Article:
There are various ways to attend briefings on subjects like imaging, screening, proofing, and color management. One is to hunker down in a windowless room of a convention center during a trade show or a technical conference, often with a bottle of tepid spring water and a half-eaten granola bar close at hand. This is how many of us gain our knowledge of advances in digital prepress.

On Oct. 22. more than 300 print buyers, graphic designers, ad agency personnel, and corporate communicators attended a technical seminar presented by Sandy Alexander Inc. in the Rainbow Room at Rockefeller Center, New York City.

But on Oct. 22, a lucky fewa relative term, obviously, for the more than 300 people who attendedgot their education in the lavish surroundings of the famous Rainbow Room, 64 stories above Rockefeller Center in New York City. They were guests at a customer seminar hosted by Sandy Alexander Inc., a commercial printer serving an international clientele from its headquarters in Clifton, NJ. The seminar was the third such event staged by Sandy Alexander, one of the NY-NJ metro area's largest printers and a company well known for being an early adopter of the kinds of technology that evening's panel of experts detailed for the crowd.

A sumptuous buffet followed the two-hour briefing in the Rainbow Room, a legendary night spot that offers spectacular aerial vistas of the Manhattan skyline. But the lure of the surroundings, noted Sandy Alexander executives, only partly explained the strong turnout by print buyers, graphic designers, advertising agency personnel, and other invitees (including a delegation from a Sandy customer in Sweden). They said that clients are interested as never before in technologies that can increase the effectiveness of their printing, and that printers are obliged as never before to share that information with them.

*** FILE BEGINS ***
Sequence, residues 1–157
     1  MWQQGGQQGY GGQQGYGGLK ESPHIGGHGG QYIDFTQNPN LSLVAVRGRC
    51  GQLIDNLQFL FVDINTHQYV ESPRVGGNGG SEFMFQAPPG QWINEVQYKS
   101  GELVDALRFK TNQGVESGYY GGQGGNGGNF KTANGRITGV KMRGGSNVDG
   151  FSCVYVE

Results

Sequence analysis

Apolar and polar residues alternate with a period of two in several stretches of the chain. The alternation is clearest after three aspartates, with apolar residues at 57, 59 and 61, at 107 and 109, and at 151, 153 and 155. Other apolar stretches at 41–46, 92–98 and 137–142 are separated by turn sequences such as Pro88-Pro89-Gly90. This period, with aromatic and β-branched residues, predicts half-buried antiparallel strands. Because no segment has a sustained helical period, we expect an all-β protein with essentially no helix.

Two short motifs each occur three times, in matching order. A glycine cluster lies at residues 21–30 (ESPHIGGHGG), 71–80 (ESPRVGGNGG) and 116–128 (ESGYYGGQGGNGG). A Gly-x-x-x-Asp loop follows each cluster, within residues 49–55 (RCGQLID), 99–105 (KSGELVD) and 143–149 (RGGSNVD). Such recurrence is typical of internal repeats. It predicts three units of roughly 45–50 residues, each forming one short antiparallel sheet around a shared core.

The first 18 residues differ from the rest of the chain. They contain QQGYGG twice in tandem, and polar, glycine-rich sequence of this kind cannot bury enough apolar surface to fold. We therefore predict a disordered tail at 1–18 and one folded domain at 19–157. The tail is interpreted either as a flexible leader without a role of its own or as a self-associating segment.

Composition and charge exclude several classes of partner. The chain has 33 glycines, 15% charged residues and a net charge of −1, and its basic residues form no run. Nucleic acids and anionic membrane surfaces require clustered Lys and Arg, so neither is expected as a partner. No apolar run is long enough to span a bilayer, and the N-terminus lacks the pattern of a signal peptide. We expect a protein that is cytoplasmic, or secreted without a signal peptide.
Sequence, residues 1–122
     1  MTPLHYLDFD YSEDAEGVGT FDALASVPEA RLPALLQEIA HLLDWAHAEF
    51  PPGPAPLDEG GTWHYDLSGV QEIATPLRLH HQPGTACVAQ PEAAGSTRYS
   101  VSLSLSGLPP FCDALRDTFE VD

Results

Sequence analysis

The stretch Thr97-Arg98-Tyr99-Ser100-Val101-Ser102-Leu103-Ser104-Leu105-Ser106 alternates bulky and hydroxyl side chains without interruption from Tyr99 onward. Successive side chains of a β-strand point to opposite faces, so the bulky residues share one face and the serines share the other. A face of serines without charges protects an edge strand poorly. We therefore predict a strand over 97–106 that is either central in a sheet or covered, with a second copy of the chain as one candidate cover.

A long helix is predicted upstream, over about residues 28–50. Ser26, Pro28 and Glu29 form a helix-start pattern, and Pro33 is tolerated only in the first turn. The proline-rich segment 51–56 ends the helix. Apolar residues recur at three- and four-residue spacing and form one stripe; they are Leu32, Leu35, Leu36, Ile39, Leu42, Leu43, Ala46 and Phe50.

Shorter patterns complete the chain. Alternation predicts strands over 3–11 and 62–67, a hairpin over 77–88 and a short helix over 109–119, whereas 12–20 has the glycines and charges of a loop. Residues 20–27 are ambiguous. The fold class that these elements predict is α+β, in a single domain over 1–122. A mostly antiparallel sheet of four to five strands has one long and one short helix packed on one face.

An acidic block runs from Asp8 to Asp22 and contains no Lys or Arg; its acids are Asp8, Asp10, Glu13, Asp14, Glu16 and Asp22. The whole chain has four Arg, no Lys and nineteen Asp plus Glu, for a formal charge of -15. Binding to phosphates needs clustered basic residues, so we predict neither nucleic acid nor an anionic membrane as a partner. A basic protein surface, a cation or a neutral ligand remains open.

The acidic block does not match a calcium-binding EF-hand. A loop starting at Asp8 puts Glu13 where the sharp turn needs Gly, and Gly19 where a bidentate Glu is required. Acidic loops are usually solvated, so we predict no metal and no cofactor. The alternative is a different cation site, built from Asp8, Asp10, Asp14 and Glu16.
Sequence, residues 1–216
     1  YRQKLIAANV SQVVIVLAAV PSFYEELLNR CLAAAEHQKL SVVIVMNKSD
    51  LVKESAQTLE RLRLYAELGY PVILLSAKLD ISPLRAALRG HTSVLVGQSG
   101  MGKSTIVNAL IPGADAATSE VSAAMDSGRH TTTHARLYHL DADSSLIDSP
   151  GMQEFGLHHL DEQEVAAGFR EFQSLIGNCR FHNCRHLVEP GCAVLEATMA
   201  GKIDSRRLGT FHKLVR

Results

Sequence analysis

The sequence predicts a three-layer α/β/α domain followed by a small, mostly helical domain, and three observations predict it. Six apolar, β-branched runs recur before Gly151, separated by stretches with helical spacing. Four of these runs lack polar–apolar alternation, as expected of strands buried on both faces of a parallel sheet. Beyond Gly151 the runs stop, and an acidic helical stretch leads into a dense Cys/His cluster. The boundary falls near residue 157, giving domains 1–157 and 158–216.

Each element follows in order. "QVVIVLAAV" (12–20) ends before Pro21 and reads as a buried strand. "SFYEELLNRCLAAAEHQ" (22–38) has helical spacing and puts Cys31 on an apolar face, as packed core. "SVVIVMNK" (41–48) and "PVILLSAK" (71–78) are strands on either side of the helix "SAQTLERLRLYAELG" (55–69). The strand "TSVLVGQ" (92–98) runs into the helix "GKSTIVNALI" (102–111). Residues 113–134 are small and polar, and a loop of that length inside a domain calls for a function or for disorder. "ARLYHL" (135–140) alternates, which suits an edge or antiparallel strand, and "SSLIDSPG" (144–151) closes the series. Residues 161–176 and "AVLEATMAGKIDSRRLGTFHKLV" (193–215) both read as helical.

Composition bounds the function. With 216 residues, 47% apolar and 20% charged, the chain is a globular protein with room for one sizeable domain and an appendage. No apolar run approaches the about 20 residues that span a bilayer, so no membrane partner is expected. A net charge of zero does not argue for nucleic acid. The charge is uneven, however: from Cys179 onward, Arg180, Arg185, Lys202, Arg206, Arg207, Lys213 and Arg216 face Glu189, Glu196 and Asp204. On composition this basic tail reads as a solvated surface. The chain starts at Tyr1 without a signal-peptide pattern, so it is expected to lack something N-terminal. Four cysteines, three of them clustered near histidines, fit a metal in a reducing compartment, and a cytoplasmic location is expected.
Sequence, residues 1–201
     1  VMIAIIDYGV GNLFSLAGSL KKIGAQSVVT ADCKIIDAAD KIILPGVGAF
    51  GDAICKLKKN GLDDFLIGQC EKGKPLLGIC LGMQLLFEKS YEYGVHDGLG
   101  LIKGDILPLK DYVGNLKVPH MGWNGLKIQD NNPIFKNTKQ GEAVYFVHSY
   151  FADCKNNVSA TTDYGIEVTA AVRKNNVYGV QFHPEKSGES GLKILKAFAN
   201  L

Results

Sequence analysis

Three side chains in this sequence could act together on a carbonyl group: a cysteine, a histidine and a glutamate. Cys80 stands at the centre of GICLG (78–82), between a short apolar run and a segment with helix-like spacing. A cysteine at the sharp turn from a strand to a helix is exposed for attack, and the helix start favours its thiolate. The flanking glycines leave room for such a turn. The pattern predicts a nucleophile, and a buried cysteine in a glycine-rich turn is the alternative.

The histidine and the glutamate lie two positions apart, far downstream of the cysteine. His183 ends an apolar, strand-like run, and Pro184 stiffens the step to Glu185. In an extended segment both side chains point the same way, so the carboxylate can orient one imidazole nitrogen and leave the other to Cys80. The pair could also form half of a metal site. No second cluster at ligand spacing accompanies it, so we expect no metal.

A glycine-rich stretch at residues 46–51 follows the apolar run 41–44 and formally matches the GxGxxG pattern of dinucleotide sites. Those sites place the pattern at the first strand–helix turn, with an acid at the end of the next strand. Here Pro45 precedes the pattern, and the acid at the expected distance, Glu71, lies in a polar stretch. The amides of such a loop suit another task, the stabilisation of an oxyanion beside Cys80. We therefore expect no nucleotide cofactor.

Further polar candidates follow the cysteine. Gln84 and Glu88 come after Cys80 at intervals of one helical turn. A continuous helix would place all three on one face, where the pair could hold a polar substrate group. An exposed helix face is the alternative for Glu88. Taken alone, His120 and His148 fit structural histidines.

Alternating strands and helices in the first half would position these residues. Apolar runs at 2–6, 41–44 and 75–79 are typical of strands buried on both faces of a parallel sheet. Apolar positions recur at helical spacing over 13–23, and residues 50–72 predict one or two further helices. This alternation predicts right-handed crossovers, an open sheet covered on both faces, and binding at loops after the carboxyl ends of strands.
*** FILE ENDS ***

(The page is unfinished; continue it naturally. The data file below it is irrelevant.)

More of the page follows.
Sandy Alexander Inc. is a commercial lithographer with plants in Clifton, NJ, and St. Petersburg, FL. Hosting the affair on Oct. 22 were, from left, Mike Graff, executive vice president; Roy Grossman, president and CEO; and Jon Fogel, senior vice president and director of marketing.


Defending Our Turf

You can never do enough, said Roy Grossman, president and CEO, who also hosts on-site seminars at his plant as another element of the company's customer education program. Grossman, who is a founding member of The Print Council, a new industry alliance formed to promote the use of print, added that in this respect, most printers have some catching up to do.

Printers have been pretty lousy marketers, but there's nothing more important than defending our turf, he said. According to Grossman, printer-sponsored technical briefings are vital to keeping customers' faith in the medium strong. Talking about technology in a directed, focused manner drives home the point, he said.

Five experts in imaging, proofing, and color management conducted the technical briefing. From left, Nick Patrissi, director of market relations, Creo Americas Inc.; Matt Young, principal, Chung Design; Don Schroeder, group manager, color products, Enovation Graphic Systems Inc.; Will Holland, Graphic Intelligence Agency; and Don Hutcheson, Hutcheson Consulting.


For Mike Graff, executive vice president, the blowout attendance was proof that customers are eager for information about new solutions from printers who are equipped to provide them. According to Graff, the seminar drew 160 people the first time, 190 the following year, and at least another 100 on top of that this yeara clear indication that the buzz among print buyers about technology is real. In every year that we've done it, we've gotten more people, so that's our measure of success, Graff said.

Jonathan Fogel, senior vice president and director of marketing, noted that the attendees spanned the entire gamut of experience and knowledge on the buyers' side. The roomful of customers ran, he said, from newcomers more familiar with digital than with conventional technologies to the real pros of the business who know nearly everything that their printers know.

Scholastic Meets Stochastic